A group for those researching or interested in premodern Japanese history.
The author did in situ research for an MA in Asian Religions on Japan’s greatest saint, Kūkai, in his birthplace of Zentsūji, along the Pilgrimage of Shikoku that symbolically recapitulates his career, and at Kōya-san, the mountaintop monastery south of Kyōto that Kūkai founded in the early 9th Century. Kūkai was a key figure igniting the golde…[Read more]
This published Japanese-English guidebook to the island of Shikoku, emphasizing its culture and history, has been available by permission on the Web in French, Spanish, and Dutch at European Websites, as well as this English-Japanese version since 1997. Most of the chapters are bilingual, with English and Japanese alternating for those studying…[Read more]
A cultural, historical, and practical guidebook to Kagawa Prefecture on the island of Shikoku across the narrow Seto Inland Sea from the main island of Japan. Formerly the province of Sanuki, a compact area with convenient train lines, it has great potential for tourism. An active region culturally for more than 2,000 years, it was the birthplace…[Read more]
In-situ research findings and cross-cultural observations largely written by the author in Japanese (see additional information). Contents: ancient and classical history of Sanuki Province (now Kagawa Prefecture), where Kukai and his nephew Enchin were born, inspiration for the Pilgrimage of Shikoku; Buddhist syncretism with several Asian…[Read more]
A Noh play and temple chronicle, thought to have prehistoric origins in one of the oldest professions, was translated for the Shikoku Bilingual Guidebook by Akiko Takemoto and Steve McCarty. The co-author narrates this podcast, telling the heart-wrenching story of a woman’s ultimate sacrifice, with an overlay of Buddhism and archetypal symbolism.…[Read more]
A gripping legend about the origin of the Pilgrimage of Shikoku seems to prove reincarnation. This five-minute podcast recounts the miracle story, then poses discussion questions that could, and have been, used educationally with groups to get at the underlying motive and purpose of the legend.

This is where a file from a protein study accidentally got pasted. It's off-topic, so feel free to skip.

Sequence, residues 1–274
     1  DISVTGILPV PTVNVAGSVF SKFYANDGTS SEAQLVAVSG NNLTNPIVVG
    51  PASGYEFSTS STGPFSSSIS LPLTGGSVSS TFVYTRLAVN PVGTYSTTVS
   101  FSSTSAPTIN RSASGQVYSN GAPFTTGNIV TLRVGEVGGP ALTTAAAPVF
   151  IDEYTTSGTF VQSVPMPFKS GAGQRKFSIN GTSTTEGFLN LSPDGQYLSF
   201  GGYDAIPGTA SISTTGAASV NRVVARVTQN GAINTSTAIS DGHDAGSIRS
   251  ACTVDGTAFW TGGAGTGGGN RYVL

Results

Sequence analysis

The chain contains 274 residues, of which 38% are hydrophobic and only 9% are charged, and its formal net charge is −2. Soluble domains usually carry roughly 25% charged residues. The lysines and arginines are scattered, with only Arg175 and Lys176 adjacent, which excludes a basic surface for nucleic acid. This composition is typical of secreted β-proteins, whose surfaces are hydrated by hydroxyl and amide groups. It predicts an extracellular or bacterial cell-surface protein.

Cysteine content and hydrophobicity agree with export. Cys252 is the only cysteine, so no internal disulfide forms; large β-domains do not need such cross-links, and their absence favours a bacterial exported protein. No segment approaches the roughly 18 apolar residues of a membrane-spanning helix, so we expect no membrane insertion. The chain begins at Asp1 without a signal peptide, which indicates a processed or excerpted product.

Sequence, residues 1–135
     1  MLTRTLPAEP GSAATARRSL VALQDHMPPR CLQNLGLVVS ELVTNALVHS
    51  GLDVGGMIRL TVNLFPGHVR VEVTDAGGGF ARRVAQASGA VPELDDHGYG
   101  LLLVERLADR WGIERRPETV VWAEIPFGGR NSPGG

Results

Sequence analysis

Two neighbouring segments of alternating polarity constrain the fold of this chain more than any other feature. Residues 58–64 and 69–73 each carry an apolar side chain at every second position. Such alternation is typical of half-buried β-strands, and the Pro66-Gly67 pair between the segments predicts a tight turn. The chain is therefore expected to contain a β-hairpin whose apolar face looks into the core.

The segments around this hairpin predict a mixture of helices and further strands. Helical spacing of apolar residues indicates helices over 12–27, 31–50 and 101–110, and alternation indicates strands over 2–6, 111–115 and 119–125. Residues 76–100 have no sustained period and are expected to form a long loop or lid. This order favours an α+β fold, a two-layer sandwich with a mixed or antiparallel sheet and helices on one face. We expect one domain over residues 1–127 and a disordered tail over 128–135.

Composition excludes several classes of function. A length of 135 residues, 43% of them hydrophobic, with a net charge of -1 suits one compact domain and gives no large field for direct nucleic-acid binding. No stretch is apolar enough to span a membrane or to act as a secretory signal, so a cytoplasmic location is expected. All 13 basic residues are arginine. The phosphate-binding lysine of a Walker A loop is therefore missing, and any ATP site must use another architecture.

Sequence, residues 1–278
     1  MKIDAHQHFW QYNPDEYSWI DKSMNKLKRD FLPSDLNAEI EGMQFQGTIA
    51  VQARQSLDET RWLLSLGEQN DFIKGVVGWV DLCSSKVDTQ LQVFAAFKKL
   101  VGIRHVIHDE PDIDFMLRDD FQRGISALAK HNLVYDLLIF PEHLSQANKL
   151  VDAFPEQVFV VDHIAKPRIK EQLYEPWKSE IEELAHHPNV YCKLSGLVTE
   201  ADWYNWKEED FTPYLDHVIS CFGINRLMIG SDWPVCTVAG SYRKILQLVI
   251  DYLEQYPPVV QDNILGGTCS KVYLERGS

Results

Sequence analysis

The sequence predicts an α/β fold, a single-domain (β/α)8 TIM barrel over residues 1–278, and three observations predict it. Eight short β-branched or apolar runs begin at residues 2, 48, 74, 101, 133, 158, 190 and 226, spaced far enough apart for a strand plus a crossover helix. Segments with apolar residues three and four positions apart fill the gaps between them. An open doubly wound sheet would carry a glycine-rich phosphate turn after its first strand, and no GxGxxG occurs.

Two papers on the Jungian psychology of Asian religions from M.A. coursework at the University of Hawaii in 1978. “Equations of Freedom with Enlightenment” analyzes Chinese Buddhism, Taoism, and Zen as to the meaning of liberation. Then “This World as a Symbolic Body of the Buddha” analyzes the Shingon Buddhist cosmology of Kukai and its Tantric…[Read more]
Hashikuradera, the inner sanctuary of Kompira-san on Shikoku island, defied the Meiji government and has kept Buddhism and Shinto on the same hallway to this day. This old map depicts the syncretic divinity Kompira Daigongen whirling through the air from Kompira-san or Elephant’s Head Mountain (upper left) to meet Kukai, just labeled the great…[Read more]
A multilingual podcast, recorded in August 2005 by native speakers of English, Japanese, and Chinese, found proverbs with a similar meaning in each culture. The author arranged this podcast during a Translation class between Japanese and English with fourth year students at Shinonome University in Matsuyama, on Shikoku island in Western Japan.
I have just signed up for the Premodern Japanese Studies HC Commons site launched by Paula Curtis, and have uploaded files from my Court Rank in Shoku Nihongi project.
This site certainly deserves more activity!